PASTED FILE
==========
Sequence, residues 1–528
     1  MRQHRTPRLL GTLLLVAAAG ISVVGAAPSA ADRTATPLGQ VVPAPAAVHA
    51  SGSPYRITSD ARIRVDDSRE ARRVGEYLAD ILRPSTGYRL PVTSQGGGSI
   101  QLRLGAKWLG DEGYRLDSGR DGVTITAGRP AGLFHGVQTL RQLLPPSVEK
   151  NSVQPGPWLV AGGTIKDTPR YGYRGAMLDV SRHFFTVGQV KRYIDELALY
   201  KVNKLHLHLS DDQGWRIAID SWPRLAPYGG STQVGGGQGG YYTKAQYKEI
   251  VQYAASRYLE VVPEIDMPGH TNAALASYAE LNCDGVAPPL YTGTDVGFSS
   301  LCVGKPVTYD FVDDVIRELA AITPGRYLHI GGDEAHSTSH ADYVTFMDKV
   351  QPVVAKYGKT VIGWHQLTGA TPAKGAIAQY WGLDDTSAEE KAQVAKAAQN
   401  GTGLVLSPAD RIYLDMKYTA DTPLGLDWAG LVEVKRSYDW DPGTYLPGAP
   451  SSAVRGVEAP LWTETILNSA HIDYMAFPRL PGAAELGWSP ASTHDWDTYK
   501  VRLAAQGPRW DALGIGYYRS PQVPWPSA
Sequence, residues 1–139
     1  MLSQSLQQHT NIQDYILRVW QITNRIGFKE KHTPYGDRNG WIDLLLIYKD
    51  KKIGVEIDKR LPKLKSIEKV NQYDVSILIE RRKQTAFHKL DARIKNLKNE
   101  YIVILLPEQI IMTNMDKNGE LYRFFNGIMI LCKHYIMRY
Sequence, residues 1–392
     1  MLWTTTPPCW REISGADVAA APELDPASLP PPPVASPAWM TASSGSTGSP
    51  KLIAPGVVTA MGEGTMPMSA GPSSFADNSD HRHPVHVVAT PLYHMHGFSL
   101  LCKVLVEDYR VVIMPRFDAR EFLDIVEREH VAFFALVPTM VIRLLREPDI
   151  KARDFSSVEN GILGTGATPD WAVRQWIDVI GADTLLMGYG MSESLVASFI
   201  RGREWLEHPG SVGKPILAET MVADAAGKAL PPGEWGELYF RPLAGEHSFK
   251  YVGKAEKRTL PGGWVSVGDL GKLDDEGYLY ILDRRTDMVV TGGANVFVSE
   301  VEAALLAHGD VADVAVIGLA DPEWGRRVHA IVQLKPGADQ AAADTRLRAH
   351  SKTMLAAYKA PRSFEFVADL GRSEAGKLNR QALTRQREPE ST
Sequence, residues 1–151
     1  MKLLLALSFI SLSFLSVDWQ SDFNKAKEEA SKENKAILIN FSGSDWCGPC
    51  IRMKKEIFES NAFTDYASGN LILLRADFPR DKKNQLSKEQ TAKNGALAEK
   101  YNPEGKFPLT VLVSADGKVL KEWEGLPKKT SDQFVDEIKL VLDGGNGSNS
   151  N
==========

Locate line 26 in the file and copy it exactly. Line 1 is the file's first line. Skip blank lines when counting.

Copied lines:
Sequence, residues 1–151